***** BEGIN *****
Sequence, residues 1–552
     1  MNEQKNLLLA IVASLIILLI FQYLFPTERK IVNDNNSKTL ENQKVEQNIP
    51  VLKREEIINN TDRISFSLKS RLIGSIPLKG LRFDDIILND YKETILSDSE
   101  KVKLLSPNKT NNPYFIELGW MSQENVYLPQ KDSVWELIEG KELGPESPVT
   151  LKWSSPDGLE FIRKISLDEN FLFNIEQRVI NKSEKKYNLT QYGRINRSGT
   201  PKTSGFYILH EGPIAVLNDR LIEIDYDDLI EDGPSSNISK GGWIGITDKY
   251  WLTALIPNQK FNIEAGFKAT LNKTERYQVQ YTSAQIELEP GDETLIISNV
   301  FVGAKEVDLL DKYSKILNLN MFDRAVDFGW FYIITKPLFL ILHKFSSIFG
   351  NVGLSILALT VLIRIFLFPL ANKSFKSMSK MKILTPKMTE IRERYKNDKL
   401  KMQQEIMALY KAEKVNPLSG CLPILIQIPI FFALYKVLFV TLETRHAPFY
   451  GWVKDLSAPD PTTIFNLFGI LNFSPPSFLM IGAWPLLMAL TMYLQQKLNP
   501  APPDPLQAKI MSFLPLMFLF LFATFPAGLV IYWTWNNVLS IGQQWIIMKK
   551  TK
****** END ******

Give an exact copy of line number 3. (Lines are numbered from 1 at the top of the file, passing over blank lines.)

    51  VLKREEIINN TDRISFSLKS RLIGSIPLKG LRFDDIILND YKETILSDSE